Addressing the digital skills gap with computational thinking

December 14, 2018 // By Jonathan Smith
It is estimated that 65 percent of children entering primary school today will ultimately end up working in completely new job types that don’t currently exist. Unfortunately, in most parts of the world, the skills that are needed to survive this new working economy are not currently taught in schools, with subject-based knowledge still the priority.

Nevertheless, we are seeing a growing awareness in education of the need for the current curriculum to change to equip young people for the future. This has led to a new focus on what children are being taught and the approaches that should be taken when teaching them. 

The evidence to support this change is there - the “Future of Jobs” report by the World Economic Forum, published in 2018, states that the skills deemed important for school leavers entering the workforce are already changing considerably and 35% of skills valued in 2005 will have changed by 2020. Creativity, critical thinking and complex problem solving are increasingly sought after, over and above traditional subject-based knowledge. This reflects a change in job type, already happening in the market and driven by the pace of development in intelligent buildings, smart cities and the Internet of Things which are creating new roles and jobs for current and future school leavers.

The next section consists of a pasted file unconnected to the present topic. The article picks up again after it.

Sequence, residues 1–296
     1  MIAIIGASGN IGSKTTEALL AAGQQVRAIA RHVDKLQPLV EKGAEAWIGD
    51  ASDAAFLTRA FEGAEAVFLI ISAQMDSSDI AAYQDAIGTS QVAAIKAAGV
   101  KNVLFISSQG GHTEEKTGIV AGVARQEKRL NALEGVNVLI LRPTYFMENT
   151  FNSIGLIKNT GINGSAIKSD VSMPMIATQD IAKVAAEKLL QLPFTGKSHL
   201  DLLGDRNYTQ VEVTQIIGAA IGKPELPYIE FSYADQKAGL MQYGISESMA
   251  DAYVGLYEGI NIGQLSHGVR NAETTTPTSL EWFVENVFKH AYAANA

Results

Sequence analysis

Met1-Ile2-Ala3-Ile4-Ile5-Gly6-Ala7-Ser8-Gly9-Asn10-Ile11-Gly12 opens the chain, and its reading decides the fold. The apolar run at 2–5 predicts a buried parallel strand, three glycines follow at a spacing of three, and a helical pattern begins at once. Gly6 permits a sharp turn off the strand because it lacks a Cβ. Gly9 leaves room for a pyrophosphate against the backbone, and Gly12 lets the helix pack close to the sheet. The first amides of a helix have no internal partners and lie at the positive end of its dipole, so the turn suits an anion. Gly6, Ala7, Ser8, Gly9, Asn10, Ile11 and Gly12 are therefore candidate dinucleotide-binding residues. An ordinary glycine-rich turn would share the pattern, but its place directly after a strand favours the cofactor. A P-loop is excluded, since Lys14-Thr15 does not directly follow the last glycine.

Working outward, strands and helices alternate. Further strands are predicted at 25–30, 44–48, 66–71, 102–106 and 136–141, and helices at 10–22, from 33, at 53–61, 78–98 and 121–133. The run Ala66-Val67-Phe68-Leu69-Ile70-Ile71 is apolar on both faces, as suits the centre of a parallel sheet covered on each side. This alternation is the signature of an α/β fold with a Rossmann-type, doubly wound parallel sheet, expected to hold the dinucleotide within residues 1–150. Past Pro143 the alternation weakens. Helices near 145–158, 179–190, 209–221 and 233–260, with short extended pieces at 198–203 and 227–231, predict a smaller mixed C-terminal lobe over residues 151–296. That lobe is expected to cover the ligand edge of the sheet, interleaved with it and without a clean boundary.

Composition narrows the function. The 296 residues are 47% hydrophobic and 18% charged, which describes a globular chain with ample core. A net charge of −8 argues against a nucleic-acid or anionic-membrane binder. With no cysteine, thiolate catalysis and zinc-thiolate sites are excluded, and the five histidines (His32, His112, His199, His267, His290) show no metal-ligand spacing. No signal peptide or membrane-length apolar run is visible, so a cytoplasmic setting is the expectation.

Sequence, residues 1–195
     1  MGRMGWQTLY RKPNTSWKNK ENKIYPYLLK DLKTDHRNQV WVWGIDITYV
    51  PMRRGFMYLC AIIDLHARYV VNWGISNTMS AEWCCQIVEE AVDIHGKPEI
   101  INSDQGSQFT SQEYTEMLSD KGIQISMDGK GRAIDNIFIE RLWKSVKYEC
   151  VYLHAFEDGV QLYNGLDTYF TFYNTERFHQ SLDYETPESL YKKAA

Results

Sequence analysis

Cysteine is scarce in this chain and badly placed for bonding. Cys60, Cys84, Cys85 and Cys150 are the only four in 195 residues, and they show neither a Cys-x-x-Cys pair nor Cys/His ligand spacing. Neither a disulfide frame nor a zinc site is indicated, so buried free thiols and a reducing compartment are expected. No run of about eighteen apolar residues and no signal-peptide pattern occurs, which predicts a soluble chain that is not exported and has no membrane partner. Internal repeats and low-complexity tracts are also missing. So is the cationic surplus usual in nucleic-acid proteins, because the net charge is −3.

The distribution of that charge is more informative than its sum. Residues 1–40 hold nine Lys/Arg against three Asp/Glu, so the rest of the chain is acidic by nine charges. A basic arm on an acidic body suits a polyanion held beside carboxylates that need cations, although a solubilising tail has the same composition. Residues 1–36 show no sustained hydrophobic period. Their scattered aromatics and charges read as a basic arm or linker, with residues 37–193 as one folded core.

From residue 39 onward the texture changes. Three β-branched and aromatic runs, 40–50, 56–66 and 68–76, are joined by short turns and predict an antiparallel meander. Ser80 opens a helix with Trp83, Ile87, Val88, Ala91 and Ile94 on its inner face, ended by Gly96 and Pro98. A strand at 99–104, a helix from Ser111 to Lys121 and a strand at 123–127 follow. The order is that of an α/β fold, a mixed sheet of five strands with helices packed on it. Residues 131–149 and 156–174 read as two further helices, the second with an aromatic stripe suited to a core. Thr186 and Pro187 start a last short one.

Jeannette Wing, former head of the Computer Science Department at Carnegie Mellon University in the USA, sees computational thinking as the key. Jeanette believes that computational thinking should be added to every child's analytical ability, enabling them to formulate and solve problems, design systems, and understand human behaviour using concepts that are fundamental to computer science. In the UK this has been recognised, and the Department for Education has mandated that some level of computational thinking be taught at all grades from nursery to college, exposing every schoolchild to computational concepts so that it becomes second nature to embrace the approach in whatever discipline they operate in moving forward.


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